However, due to the lack of regulation – and the high likelihood that diet pills may interact with other medications – it is not recommended to take them.
Consult your doctor if you are struggling to lose weight. They can offer safer alternatives to help you reach your health goals.
What are the alternatives to diet pills?
Diet changes and increased physical activity are great strategies for long-term weight loss.
However, many people with diabetes struggle with insulin resistance, which can lead to weight gain.
If you have diabetes, there are prescription medications available that have been shown to improve insulin sensitivity and help with weight loss.
Unless you have diabetes, the FDA has approved the following GLP-1 drugs for weight loss and chronic weight maintenance:
- Wegovy (injection)
- Saxenda (injection)
Talk to your doctor if you have diabetes and are concerned about your weight. There are safe, effective, and FDA-approved options that can help you.
What Are FDA Approved Prescription Weight Loss Pills?
The following slimming pills have been approved by the FDA. These can be safer options because they are more regulated.
The side effects people experience when taking them are reported to the FDA for safety and effectiveness.
FDA approved weight loss pills include:
- Orlistat (Xenical, Alli)
- Phentermine-topiramate (Qsymia)
- Naltrexone-bupropion (Contrave)
What is the safest way to lose weight for a diabetic?
All medications, whether prescription or over-the-counter, will have some side effects.
The safest way to lose weight for anyone, including those with diabetes, is to increase physical activity and improve your diet.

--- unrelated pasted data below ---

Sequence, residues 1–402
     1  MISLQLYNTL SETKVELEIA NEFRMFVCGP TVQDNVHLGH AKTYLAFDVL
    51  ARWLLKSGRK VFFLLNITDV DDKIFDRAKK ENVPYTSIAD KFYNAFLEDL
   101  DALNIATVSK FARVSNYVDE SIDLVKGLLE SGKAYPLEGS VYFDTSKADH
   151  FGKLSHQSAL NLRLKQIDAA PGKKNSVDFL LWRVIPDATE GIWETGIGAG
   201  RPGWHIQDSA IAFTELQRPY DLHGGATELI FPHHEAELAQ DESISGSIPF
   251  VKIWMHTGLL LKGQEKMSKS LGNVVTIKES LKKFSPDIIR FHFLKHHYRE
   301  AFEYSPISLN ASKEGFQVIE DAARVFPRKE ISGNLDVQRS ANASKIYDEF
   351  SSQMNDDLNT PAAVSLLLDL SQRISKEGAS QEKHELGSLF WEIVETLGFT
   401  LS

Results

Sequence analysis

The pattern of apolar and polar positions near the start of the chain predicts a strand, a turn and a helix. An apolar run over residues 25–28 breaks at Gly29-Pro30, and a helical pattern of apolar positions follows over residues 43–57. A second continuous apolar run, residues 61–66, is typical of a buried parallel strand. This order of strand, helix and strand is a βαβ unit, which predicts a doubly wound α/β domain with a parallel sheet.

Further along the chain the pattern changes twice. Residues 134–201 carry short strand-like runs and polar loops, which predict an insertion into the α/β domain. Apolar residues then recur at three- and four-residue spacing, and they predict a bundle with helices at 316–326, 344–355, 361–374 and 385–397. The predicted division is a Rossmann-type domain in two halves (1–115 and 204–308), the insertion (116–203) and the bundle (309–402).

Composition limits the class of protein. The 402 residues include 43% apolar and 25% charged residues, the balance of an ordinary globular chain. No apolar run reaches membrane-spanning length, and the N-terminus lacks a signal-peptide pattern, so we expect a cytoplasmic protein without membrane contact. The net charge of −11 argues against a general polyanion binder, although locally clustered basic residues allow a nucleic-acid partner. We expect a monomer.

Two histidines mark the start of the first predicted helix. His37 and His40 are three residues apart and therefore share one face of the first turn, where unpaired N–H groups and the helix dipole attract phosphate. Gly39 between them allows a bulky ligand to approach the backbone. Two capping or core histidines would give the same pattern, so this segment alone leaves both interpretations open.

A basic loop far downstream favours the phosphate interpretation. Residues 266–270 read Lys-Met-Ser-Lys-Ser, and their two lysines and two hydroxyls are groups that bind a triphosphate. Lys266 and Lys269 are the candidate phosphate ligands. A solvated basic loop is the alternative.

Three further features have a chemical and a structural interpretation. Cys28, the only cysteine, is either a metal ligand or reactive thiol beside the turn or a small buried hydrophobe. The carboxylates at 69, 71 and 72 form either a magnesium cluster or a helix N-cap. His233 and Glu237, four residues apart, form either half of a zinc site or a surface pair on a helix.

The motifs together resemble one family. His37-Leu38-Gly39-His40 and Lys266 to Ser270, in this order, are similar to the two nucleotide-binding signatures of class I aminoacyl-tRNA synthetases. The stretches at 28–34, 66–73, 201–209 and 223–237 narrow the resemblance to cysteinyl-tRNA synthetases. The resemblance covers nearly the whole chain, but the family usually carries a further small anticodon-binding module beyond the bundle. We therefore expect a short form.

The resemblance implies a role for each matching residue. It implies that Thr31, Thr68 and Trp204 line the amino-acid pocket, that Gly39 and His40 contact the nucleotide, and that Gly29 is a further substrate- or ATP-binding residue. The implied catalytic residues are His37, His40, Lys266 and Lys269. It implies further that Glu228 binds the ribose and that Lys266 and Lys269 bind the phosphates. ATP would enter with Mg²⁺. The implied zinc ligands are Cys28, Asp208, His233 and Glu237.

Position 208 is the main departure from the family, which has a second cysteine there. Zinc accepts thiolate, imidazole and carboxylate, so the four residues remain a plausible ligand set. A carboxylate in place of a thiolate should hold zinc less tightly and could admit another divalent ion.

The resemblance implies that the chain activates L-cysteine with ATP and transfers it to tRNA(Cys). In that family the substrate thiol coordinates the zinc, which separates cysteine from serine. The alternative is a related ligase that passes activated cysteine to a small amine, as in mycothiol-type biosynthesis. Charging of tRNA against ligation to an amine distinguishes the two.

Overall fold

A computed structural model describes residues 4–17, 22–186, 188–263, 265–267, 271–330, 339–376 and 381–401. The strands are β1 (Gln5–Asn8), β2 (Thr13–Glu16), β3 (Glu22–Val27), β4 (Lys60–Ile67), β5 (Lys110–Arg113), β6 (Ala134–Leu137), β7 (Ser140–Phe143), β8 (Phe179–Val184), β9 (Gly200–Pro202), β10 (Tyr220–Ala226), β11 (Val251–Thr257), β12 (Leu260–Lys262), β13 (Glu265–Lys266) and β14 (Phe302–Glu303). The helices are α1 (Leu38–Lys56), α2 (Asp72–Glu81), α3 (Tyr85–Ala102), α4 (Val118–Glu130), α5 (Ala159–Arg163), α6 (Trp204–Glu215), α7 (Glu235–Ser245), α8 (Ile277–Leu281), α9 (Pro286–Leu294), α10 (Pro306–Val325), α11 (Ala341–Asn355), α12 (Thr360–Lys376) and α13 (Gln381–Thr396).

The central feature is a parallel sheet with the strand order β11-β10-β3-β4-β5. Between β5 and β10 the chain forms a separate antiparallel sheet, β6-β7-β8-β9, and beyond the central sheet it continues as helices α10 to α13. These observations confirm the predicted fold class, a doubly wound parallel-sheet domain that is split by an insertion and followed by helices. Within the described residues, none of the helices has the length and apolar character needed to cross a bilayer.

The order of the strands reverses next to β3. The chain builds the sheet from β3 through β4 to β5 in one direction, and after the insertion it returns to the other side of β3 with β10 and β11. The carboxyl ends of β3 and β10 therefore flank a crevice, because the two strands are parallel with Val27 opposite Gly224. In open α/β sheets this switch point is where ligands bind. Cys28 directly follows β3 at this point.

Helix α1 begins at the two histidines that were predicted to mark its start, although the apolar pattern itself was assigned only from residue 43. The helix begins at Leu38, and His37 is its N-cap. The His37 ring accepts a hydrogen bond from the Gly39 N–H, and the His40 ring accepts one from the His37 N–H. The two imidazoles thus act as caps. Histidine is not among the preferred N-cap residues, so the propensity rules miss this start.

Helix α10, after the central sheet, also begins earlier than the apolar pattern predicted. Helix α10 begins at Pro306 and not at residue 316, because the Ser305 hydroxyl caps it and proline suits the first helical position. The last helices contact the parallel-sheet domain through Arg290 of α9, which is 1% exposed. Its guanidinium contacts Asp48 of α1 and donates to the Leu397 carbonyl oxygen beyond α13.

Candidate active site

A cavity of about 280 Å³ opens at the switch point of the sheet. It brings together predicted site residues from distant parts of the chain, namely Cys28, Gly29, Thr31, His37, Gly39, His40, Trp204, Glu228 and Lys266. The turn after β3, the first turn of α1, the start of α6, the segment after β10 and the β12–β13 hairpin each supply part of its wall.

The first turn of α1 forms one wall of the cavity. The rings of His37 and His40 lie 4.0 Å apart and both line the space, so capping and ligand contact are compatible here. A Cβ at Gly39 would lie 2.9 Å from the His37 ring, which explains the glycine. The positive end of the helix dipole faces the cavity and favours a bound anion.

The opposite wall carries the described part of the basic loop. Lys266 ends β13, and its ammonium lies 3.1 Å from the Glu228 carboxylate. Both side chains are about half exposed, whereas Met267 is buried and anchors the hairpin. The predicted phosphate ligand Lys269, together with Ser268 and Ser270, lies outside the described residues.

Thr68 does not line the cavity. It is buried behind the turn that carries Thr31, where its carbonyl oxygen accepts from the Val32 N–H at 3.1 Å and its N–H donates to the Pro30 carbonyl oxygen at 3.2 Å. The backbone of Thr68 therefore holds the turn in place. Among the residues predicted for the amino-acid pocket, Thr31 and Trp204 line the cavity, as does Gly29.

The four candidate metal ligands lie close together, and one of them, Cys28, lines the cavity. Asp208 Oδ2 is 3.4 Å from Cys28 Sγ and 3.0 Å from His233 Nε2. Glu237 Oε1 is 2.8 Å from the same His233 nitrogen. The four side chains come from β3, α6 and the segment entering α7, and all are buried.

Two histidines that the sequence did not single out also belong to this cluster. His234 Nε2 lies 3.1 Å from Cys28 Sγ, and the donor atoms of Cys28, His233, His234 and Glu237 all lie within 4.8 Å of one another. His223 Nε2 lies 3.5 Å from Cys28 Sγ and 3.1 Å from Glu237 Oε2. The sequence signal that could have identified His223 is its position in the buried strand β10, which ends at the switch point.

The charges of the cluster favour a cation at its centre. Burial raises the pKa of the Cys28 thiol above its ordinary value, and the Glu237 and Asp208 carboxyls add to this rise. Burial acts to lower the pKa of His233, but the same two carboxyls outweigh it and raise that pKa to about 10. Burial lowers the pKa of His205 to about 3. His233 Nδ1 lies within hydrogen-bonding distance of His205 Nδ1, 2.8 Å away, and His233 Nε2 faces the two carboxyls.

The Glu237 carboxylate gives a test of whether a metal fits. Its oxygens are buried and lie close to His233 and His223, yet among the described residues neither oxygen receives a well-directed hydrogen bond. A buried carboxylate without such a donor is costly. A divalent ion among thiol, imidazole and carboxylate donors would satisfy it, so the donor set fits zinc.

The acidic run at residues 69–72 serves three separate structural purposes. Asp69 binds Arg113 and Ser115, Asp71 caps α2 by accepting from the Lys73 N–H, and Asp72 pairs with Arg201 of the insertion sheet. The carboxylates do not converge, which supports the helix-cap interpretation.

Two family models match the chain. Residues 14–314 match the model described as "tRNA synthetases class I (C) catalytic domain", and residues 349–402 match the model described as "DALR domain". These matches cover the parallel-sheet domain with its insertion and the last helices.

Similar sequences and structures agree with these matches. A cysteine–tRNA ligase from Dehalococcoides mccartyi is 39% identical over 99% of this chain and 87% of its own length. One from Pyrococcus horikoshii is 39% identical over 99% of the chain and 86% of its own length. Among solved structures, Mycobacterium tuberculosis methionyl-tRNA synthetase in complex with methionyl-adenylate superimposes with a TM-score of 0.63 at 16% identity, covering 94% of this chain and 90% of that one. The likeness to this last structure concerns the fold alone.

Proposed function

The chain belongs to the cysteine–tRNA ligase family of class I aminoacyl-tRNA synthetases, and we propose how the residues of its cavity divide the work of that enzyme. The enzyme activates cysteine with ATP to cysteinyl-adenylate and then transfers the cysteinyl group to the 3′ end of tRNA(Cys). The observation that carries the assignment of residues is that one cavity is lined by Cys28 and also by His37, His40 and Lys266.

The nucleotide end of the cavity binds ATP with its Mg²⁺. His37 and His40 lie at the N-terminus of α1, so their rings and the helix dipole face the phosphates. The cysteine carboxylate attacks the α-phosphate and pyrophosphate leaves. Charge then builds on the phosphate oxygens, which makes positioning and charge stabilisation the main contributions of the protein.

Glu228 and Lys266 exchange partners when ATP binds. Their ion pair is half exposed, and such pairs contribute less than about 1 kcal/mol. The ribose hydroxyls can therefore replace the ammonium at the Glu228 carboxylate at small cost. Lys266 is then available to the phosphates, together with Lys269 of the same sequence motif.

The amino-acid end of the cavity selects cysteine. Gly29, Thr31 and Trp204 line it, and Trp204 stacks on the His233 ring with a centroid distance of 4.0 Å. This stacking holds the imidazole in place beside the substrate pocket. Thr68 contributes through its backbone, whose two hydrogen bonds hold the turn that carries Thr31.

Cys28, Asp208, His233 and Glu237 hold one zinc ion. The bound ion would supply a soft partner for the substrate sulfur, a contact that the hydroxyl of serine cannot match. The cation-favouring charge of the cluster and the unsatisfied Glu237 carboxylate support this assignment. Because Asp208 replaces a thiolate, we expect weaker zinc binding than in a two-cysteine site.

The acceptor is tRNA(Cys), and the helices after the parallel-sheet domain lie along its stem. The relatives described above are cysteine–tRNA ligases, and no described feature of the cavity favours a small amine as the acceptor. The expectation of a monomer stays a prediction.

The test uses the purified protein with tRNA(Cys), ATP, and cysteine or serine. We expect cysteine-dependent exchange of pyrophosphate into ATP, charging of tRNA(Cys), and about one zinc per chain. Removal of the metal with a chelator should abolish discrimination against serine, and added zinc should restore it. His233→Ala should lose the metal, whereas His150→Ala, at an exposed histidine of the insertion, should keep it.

Talk to your doctor about healthy ways to make small lifestyle changes into your daily routine.
They can refer you to a Certified Diabetes Educator (CDE) and Registered Dietitian (RD). Both can work with you to better achieve your weight loss goals.
That being said, there is nothing wrong with taking prescription drugs for weight loss. Just remember that side effects are likely.
Does losing weight cause low blood sugar?
Losing weight does not inherently cause low blood sugar. However, when people lose weight, their insulin sensitivity tends to increase. If they are insulin dependent, they need less of it throughout the day.
If you don’t take insulin but take GLP-1 medications for weight loss and blood sugar control, you may notice that your average blood sugar has dropped throughout the day. It’s something good!
Consult your doctor if you lose a lot of weight. Most drug doses correlate with height and weight. Your doctor can make sure you’re still getting the right dose for your body.
If I stop taking weight loss medications, will I regain the weight?
This can often be the case. Many people regain a moderate weight after stopping taking prescription medications for weight loss.
Some prescription weight loss drugs can suppress your appetite. If you stop taking them, you can start eating more.
Contact your doctor if you are experiencing adverse drug side effects or have gone through a major life change (such as pregnancy or menopause).
For example, taking diet pills during pregnancy is dangerous.
Your doctor can determine if you need to change or stop taking any of your medications.
#Pills #diabetes #slimming